Wednesday, July 28, 2010

Toning black and white

Many people may not realize but traditional black and white photographs are frequently processed with toning chemicals. Some cause very little colour change, perhaps only improving the contrast a little and are used mainly to increase the print's longevity and archival qualities. Others do produce a distinct colourization of the print, from a gentle warming of the tones to a sepia brown or cold blue colour and many others as well. Toning is very much a subjective process, based in the end on how you want the print to look as much as anything else. It is another process where experimentation can yield endless results as various papers, development and toners themselves cause a myriad of responses.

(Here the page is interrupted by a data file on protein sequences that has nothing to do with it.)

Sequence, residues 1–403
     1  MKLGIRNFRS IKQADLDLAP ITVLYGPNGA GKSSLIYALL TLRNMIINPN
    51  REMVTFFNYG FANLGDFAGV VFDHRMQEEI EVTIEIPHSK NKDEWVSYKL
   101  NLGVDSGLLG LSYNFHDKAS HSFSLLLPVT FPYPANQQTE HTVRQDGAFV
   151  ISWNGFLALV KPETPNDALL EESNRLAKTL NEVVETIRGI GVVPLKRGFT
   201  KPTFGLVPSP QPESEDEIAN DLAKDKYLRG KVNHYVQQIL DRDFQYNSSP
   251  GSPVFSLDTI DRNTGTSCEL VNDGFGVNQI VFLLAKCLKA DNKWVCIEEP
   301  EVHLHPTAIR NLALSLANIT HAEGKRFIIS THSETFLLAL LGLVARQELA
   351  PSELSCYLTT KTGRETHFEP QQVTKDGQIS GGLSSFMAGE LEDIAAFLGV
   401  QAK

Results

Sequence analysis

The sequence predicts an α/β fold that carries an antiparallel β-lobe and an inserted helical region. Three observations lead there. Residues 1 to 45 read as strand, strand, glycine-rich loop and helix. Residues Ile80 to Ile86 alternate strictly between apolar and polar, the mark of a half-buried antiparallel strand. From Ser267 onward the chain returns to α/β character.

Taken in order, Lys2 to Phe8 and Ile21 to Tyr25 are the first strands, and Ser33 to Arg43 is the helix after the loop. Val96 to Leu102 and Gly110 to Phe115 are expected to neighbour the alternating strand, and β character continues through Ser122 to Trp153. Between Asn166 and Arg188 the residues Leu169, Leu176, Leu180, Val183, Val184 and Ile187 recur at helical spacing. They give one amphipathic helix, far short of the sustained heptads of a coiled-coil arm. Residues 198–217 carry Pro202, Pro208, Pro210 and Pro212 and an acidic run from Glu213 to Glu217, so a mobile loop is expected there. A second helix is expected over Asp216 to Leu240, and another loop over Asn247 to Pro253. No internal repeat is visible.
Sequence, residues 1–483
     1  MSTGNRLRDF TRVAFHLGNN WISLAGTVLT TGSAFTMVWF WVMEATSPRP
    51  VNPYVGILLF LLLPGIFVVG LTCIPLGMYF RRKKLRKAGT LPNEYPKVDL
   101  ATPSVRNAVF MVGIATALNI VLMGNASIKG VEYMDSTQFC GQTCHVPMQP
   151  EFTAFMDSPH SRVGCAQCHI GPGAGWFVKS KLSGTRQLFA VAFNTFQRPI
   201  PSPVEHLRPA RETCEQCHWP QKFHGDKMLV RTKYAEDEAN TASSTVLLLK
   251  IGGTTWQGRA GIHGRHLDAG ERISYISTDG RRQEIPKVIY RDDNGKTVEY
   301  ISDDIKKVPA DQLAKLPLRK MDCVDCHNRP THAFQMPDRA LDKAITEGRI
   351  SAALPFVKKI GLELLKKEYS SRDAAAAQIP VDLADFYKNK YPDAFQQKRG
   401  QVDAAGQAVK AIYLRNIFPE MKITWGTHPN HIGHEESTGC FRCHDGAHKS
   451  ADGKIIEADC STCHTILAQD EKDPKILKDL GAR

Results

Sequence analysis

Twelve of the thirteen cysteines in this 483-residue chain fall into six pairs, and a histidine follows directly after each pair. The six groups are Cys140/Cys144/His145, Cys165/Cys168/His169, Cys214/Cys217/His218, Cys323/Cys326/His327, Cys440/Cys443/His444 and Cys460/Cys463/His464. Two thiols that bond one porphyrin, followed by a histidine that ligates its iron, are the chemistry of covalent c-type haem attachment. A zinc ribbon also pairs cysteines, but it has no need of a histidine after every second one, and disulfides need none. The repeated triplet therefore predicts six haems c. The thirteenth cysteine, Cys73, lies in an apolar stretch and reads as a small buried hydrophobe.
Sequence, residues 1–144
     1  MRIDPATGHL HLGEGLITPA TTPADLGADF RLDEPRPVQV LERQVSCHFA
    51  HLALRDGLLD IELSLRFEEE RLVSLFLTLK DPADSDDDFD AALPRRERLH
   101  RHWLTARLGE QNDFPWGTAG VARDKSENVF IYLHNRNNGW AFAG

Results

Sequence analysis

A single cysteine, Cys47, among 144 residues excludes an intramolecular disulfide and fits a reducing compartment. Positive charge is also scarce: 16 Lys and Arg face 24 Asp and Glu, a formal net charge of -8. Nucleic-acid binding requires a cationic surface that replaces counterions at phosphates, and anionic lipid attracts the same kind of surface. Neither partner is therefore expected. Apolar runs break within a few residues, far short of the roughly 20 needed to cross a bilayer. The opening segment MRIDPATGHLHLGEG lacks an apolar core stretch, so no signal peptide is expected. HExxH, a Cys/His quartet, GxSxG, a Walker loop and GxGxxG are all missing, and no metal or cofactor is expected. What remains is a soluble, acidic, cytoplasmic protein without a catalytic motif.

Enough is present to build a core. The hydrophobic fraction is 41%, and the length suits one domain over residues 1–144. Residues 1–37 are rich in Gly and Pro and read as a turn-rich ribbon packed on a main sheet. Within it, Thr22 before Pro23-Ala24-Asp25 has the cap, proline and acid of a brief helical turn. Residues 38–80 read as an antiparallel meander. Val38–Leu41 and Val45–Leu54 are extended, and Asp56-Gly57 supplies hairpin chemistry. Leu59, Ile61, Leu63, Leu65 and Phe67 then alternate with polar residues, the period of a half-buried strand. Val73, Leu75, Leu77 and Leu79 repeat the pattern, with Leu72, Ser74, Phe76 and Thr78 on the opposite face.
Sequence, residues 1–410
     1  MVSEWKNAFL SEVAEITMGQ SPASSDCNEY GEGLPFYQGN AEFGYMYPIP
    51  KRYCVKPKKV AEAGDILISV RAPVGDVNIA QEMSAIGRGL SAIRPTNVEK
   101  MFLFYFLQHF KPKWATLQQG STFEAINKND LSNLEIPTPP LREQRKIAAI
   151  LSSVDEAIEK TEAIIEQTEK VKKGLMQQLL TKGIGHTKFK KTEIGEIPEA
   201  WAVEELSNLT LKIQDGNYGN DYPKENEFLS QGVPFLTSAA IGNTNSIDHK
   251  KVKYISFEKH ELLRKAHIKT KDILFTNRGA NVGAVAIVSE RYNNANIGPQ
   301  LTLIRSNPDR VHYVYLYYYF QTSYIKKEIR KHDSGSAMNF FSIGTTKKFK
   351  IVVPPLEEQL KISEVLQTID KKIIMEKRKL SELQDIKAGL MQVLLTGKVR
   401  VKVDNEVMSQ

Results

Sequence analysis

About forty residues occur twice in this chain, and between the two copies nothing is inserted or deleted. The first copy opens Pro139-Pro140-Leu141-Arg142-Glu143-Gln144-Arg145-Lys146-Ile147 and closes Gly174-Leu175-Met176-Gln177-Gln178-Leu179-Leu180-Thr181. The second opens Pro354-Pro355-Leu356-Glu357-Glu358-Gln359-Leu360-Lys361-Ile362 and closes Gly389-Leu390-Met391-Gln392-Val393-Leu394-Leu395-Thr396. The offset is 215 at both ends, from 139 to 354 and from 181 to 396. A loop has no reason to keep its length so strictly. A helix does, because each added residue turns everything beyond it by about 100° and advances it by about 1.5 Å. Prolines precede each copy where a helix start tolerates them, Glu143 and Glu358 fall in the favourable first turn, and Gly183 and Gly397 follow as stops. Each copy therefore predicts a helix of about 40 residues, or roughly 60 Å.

Tim Rudman has written one of the most comprehensive guides to toning and this book, unfortunately has long been out of print. Lucky for us, Tim has managed to have his book reprinted and it has just been released. The Master Photographer's Toning Book covers materials and processes in great detail.This is a limited print run, just 1000 copies and is available here from Silverprint in the UK. You can read more information at the website for the book. Copies are selling briskly so make sure to get yours.

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